Trivia / The Island of Doctor Moreau

The Book

  • Science Marches On: Wells states that the changes to the animals are the result of various surgical techniques. Later adaptations of the same story state that genetic engineering is responsible for altering the animals.
  • Technology Marches On: While most adaptions of the story uses genetic engineering for Moreau's creations, the original novel actually uses vivisection, since it predates the discovery of genetics and DNA. Hence the House of Pain location in the novel, as the surgeries Moreau performs on his unwilling experiments are both unnatural and incredibly painful for the subjects.
    • While Wells concept here clearly ranked things Up to Eleven, in his day some of this was probably expected to what the body modification perspective looked like. In later decades some became more accepted in more respected institutions, but this is again the reason someone like Moreau is working out of some hole in the wall island and not at a university.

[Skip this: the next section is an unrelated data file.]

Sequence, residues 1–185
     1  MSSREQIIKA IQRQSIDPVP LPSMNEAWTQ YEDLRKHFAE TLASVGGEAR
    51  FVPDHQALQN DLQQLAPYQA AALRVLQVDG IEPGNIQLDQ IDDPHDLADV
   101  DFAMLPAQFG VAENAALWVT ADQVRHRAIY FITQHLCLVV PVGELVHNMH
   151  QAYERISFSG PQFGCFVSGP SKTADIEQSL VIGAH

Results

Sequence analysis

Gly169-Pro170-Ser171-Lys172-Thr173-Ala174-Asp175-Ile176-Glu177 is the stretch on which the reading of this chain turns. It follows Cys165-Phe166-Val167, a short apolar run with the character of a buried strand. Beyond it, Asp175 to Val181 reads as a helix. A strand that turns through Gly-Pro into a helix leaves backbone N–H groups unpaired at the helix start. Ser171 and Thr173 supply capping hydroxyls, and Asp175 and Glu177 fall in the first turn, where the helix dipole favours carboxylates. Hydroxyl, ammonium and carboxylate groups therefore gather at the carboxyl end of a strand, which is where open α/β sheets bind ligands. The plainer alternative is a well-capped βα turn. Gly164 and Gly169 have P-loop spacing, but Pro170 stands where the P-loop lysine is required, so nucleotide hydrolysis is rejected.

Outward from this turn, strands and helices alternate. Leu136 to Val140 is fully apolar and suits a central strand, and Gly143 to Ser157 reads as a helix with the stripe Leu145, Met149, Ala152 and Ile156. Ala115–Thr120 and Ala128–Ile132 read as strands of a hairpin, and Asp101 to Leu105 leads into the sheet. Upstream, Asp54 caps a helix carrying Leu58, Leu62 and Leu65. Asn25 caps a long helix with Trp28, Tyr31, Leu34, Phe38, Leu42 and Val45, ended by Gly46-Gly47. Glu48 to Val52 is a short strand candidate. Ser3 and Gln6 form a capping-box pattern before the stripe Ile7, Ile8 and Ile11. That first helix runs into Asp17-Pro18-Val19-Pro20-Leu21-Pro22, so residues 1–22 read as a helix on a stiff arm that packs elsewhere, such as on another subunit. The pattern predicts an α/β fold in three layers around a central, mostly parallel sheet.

The Movie

  • Actor-Inspired Element: It was Marlon Brando's idea for Doctor Moreau's chair to have peacock feathers on it. The art director managed to get them from a peacock at a nearby farm. He also suggested that Doctor Moreau to resemble The Pope, as he felt that he was blaspheming against nature.
  • Awesome, Dear Boy: Ron Perlman, Val Kilmer and David Thewlis signed due to the prospect of working with Marlon Brando (Thewlis also had the motivations of a trip to Australia and a nice paycheck).
  • Billing Displacement: Protagonist Edward Douglas (David Thewlis) is nowhere in the cover, unlike both Moreau himself (Marlon Brando) and Dr. Montgomery (Val Kilmer).